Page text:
I have a tradition (or at least the beginnings of a tradition) with a good friend of mine here at Reed: at some point during the semester we remove ourselves from our daily schedules and go visit the Cooley Art Gallery.
Luckily for us the Cooley Art Gallery is pretty convenient; it’s literally inside the Reed College Library. Opened in 1988, the Cooley Gallery was born with this mission:
“The mission of the Douglas F. Cooley Memorial Art Gallery is to enhance the academic offerings of Reed College with a diverse range of scholarly exhibitions, lectures, and colloquia in its role as a teaching gallery. . . Exhibitions are coordinated in collaboration with Reed faculty members and courses, with attention to the needs and interests of the larger Portland and Northwest arts communities.”
As stated above, exhibitions are multi-dimensional bringing in such artists as Kara Walker to speak about their work. The fact that an artist whose exhibit I saw in the Whitney Museum in New York had an exhibit inside my college’s library still blows my mind.
My own tradition with the gallery started last year with its “First Hand: Civil War Era Drawings From The Becker Collection” exhibit. My friend and I enjoyed ourselves so much (only partially because of the magnifying glasses they give out to help experience the exhibit) that we spent an hour looking at the gallery’s exhibit, “Qalam: Calligraphy and Islam from the Middle Ages to the Present.” It was awesome.
This exhibit was especially interesting for me, for just last fall I was in Israel studying Arabic. There is a big difference between the Arabic I learned and formal Arabic calligraphy dating back to the Middle Ages, so I did not understand a lot. However, getting to see beautiful works of art in the form of the language I spent a semester studying was one of the highlights of my week.
The first Cooley exhibit I went to, which was a collection of Civil War era drawings.
Kara Walker: More and Less, September 6-November 18, 2012
Summer has come and gone, and while it left some of the heat behind, the school year is now in full swing. I now have a thesis advisor, and a thesis topic, and a lot of books with no place to put them (which may change by the time you read this. Thesis desks are assigned this week!). I have read medieval Islamic texts and started Dante’s Inferno. I have learned how to letterpress and started crafting a text based art project. I have scheduled more meetings than I can count and have several more to go. It’s as if nothing has changed since May, but it’s also entirely different. Because this is my last year. My class load has lightened while my research requirements have intensified. And I am excited! This will be a big year with lots to do, but I feel prepared! At least I think I am.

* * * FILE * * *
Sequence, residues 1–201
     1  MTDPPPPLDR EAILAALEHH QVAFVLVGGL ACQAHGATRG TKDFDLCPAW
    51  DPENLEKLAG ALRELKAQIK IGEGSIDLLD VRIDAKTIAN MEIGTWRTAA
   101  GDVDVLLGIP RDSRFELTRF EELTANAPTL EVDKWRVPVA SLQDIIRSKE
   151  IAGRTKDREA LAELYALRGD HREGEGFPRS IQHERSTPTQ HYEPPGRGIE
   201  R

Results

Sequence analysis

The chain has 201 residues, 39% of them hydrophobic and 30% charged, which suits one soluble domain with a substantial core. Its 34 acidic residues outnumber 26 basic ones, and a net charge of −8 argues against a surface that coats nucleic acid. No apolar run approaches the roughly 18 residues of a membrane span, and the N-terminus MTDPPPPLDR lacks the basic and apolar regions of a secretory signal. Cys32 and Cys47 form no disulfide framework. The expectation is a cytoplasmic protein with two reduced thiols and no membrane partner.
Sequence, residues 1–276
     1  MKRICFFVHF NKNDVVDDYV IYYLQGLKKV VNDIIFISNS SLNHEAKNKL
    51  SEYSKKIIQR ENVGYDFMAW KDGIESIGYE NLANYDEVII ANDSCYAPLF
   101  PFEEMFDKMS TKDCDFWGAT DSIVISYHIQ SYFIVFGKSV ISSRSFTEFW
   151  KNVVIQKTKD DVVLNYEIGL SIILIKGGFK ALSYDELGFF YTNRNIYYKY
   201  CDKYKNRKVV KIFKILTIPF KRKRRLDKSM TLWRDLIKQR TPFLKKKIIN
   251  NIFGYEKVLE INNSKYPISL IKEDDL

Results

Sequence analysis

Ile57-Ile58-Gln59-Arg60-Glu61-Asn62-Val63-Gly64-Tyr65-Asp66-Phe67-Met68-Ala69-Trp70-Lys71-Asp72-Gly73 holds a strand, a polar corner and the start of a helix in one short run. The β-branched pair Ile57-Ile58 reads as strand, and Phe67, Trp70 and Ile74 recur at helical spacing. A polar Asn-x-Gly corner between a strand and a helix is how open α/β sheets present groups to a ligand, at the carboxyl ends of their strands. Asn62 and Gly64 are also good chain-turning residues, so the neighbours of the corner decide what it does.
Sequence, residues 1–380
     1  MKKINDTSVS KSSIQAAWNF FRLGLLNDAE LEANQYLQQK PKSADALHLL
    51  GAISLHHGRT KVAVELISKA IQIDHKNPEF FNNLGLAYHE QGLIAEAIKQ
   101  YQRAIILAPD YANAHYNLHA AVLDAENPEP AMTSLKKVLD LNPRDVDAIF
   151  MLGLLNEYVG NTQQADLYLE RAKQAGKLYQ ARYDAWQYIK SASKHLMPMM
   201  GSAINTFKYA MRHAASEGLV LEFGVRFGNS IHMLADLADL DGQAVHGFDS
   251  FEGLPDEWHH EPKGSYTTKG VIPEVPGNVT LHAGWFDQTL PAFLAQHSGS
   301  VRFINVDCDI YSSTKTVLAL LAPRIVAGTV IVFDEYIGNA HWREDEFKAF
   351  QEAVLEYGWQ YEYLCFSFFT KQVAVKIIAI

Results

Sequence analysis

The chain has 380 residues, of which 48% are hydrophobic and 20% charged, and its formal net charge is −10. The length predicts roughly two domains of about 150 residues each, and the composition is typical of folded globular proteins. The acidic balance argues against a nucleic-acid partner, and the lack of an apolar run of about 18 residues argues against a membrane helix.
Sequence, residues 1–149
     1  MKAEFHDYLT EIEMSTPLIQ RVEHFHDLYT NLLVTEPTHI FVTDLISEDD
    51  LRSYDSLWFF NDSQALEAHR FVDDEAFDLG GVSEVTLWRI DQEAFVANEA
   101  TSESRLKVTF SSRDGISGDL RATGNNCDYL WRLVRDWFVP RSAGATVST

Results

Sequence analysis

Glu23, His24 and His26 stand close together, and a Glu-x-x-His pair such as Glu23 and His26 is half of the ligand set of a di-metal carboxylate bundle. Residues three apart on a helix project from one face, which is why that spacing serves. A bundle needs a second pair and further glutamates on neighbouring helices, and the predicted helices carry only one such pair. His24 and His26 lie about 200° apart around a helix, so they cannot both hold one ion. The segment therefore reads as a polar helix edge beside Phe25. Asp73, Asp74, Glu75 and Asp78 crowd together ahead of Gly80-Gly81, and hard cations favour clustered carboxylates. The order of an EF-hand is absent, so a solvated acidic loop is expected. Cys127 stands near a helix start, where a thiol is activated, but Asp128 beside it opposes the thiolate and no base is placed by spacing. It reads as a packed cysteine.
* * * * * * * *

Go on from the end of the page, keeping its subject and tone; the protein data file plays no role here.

Last spring, my chum Emily, who was a freshman at the time, was discussing summer plans with her advisor, Paul Currie in the Psychology department. At the end of their meeting, Emily became a new member of Professor Currie’s research team.
Over the summer, Emily and seven other Reedies explored how, in simple terms, peptide makes people hungry or anxious. After several rat incisions, much testing and pipetting, these Reedie researchers submitted two abstracts to the Society for Neuroscience Annual Meeting, and later went to the Society’s convention in the fall. This experience let Emily and her fellow students practice presenting lectures, and learn about what other undergrads are researching in their labs.
Professors are willing and eager to get their students and advisees to engage in their research over the summer, as well as during the school year.
At Reed, there are a number of strange artifacts that have no name and no one, no matter whom I ask, seems to remember how they got there. So, I decided to share them with you:
A stone, installation place. Someone suggested it was a former thesis project. Origins remain unknown
I have no idea why this was put on campus. I also cannot figure out if it is a dolphin, or a burger. To remedy this, I sometimes will tell people to meet up with me for dinner “near the dolphin burger slide”. The formalization of this nomenclature is pending.
A people bench. No matter how much time I spend at Reed, I still mistake this bench for actual people from afar.
If you know the history, please comment below!
Early this summer Portland saw the Portland Pug Crawl costume parade, and continued the tradition recently with a second silly dog related event. Sponsored by our local cool newspaper the Portland Mercury and Lucky Labrador Brewing, the Wiener Takes All dachshund race welcomed all dogs under 10 inches tall and at least 16 inches long to prove their might and speed in a 30 meter dash.
The competition was fierce:
A competitor awaits registration.
Some more competitors.
Even more competitors. Super fierce, as you can see.
Assistant Professor of Theatre Kate Bredeson brought her dachshund Tennessee (short for Tennessee Williams) to race. Tennessee didn’t win her heat (she got a little distracted halfway through) but she is still a winner in my heart.